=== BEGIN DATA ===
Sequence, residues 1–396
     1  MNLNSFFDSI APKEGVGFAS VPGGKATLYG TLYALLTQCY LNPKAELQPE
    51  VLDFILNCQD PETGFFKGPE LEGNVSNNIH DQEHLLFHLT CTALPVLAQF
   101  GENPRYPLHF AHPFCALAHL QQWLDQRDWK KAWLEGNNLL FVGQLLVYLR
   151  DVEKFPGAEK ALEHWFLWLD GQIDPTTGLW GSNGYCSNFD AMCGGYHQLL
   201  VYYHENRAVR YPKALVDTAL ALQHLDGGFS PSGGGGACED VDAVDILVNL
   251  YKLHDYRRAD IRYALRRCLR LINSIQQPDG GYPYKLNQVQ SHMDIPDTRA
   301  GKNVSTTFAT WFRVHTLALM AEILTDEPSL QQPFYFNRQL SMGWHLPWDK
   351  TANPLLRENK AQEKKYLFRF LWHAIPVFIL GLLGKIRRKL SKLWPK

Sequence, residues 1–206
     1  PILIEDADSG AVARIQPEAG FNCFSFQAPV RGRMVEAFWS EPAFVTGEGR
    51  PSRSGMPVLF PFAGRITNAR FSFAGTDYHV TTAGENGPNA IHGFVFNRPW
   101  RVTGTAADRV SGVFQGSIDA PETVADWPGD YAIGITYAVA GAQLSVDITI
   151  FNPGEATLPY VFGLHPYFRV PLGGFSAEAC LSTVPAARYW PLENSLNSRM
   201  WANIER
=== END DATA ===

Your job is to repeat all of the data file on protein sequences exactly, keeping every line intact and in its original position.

Sequence, residues 1–396
     1  MNLNSFFDSI APKEGVGFAS VPGGKATLYG TLYALLTQCY LNPKAELQPE
    51  VLDFILNCQD PETGFFKGPE LEGNVSNNIH DQEHLLFHLT CTALPVLAQF
   101  GENPRYPLHF AHPFCALAHL QQWLDQRDWK KAWLEGNNLL FVGQLLVYLR
   151  DVEKFPGAEK ALEHWFLWLD GQIDPTTGLW GSNGYCSNFD AMCGGYHQLL
   201  VYYHENRAVR YPKALVDTAL ALQHLDGGFS PSGGGGACED VDAVDILVNL
   251  YKLHDYRRAD IRYALRRCLR LINSIQQPDG GYPYKLNQVQ SHMDIPDTRA
   301  GKNVSTTFAT WFRVHTLALM AEILTDEPSL QQPFYFNRQL SMGWHLPWDK
   351  TANPLLRENK AQEKKYLFRF LWHAIPVFIL GLLGKIRRKL SKLWPK

Sequence, residues 1–206
     1  PILIEDADSG AVARIQPEAG FNCFSFQAPV RGRMVEAFWS EPAFVTGEGR
    51  PSRSGMPVLF PFAGRITNAR FSFAGTDYHV TTAGENGPNA IHGFVFNRPW
   101  RVTGTAADRV SGVFQGSIDA PETVADWPGD YAIGITYAVA GAQLSVDITI
   151  FNPGEATLPY VFGLHPYFRV PLGGFSAEAC LSTVPAARYW PLENSLNSRM
   201  WANIER